2022-2023 Franke Fellows

Franke Undergraduate Fellows

Maya John

Compassionate Coping is an hour-long online self-compassion program. This randomized controlled trial aims to decrease depression and anxiety symptoms in adults with moderate to high levels of emotional distress. The intervention includes animated videos, informational text, audio-guided meditations, and reflection questions. Although self-compassion has been shown to increase emotional well-being, most self-compassion programs are multiple days, weeks, or months long, and many are in person. A single-session online intervention would require individuals to only participate on one occasion to improve their anxiety and depression symptoms, and can be done from a computer or smartphone! This is the basis of the Compassionate Coping intervention. There is also a significant need to acknowledge the social, economic, and cultural differences in research outcomes. My diverse sample of participants will allow for analysis across gender, ethnicity, and race.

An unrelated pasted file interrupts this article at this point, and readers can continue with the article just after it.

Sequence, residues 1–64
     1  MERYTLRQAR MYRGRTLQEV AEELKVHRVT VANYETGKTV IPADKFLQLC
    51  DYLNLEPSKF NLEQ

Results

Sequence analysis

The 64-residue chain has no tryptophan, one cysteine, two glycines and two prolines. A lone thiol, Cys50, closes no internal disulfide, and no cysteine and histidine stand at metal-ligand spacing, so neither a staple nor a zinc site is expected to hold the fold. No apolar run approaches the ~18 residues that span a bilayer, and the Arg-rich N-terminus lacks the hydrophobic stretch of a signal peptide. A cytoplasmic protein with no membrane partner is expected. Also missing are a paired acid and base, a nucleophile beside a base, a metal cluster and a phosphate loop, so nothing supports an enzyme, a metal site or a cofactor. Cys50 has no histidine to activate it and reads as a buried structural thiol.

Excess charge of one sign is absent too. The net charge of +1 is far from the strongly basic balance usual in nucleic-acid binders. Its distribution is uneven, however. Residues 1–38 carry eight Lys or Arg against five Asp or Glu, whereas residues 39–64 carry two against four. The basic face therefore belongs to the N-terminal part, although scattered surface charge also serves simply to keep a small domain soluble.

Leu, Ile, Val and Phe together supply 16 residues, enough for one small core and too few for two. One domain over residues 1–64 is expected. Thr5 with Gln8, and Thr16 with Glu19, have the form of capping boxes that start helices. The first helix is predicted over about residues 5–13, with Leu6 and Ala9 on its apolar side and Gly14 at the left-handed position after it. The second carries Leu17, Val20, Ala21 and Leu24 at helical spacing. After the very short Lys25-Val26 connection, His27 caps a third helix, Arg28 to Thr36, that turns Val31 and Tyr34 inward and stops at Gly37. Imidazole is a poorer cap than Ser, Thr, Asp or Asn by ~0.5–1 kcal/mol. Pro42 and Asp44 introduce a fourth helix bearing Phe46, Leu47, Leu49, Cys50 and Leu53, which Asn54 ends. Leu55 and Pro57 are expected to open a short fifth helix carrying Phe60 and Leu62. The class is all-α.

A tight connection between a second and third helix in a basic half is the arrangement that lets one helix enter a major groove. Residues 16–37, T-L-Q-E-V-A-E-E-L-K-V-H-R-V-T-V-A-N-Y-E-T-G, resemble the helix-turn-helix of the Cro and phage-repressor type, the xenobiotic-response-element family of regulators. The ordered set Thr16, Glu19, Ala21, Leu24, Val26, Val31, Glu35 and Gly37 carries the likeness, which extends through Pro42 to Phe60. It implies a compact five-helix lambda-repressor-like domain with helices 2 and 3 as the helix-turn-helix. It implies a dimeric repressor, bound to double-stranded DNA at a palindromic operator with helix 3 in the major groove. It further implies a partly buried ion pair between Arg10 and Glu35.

Camilla Ledezma

Camilla’s research focuses on livestock farming–specifically, the Spanish cattle raising that brought about the New World practice–to assess the links between colonial violence, environmental degradation, and the treatment of farm animals. Drawing on history, critical theory, and environmental science, her study hypothesizes that colonial understandings of and modes of relating to non-human animals, often through processes of violence and commodification, have exacerbated social and environmental injustice. In consultation with farmers, scholars, and historical archives, as well as her own observations of cattle operations, Camilla hopes to demonstrate the importance of place-based, mutually beneficial human-animal relations in our effort to realize more equitable and sustainable futures.